Table of Contents
For decades, science has been slowly learning the mysteries of addiction; both how it forms and how to treat it. The focus of the study remains on the reward system and how does addiction affect the brain. Read on to learn more about this important topic.
What is Addiction?
The Surgeon General states that addiction “ is associated with changes in the function of brain circuits.” Chronic use of a substance, whether it is nicotine, drugs, or alcohol, results in the brain’s reward system being trained to need it. It becomes a sort of push and pull between the desire for pleasure while also avoiding pain.
The reward system and its neurotransmitters slowly adapt to the presence of the substance and reinforce a desire to continue using it. Over time, the person feels compelled to seek and use the substance, despite the harm it may be doing to them. It is when the substance use becomes compulsive that an addiction has developed.
The Difference Between Addiction and Dependence
Some thing the two terms, addiction and dependence, have the same meaning, but they do not. You can become dependent on a substance, such as pain pills after having surgery, without being addicted. Some people, though, who have become dependent on a substance may later become addicted.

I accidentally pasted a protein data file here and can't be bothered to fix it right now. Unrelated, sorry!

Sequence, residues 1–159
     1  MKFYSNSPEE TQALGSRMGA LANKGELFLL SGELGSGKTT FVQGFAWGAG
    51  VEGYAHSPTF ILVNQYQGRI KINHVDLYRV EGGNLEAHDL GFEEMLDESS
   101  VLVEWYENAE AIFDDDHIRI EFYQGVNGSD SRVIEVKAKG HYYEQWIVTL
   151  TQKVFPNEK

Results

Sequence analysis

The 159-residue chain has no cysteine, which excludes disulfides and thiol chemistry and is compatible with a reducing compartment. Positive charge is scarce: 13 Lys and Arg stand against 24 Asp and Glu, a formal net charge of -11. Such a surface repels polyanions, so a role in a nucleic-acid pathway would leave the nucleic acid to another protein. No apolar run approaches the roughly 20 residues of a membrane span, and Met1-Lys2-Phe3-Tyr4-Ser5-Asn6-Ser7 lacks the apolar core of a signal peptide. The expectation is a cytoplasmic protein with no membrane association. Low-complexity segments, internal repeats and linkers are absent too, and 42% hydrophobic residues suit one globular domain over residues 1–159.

Consider the different definitions:
Dependence. Chronic use of a substance, such as the long-term use of an opioid, may result in dependence. This happens through a process caused by increased tolerance, as the body adapts to the presence of the substance. After a while, to be able to achieve the desired effects, the individual must increase the dosage. Physical dependence becomes apparent when the individual experiences unpleasant withdrawal symptoms.
Addiction. Addiction to a substance is a behavioral disorder and a brain disease. When someone becomes addicted they have a loss of control over the substance, leading to compulsive substance use. This loss of control is the core difference between addiction and dependence.
How Does Addiction Affect the Brain?
Most people are not able to grasp the way addiction can hijack a person’s will. Learning how addiction affects the brain, it helps you see how substances can devastate someone’s life.
As the brain adapts to the substance, the brain changes producing long-term effects and damage. The altered neural pathways can remain altered long after someone has stopped using drugs or alcohol.
In addition to the neural changes made within the brain, alcohol, and drugs also cause brain damage. Addiction can cause:
- Reduced neuroplasticity.
- Psychomotor impairment.
- Decreased gray matter volume.
- Diminished reflex response.
- Impaired memory.
- Reduced respiration and heart rates.
- Interference with the production of chemical messengers in the brain.
What is the Addiction Cycle?
To better understand addiction, you must know how the cycle of addiction works. Once addiction takes hold, it creates a behavior pattern that is very hard to break out of. The addiction cycle involves:
- Substance abuse. Repeated exposure to drugs or alcohol over a length of time sets up the foundation for addiction to take hold.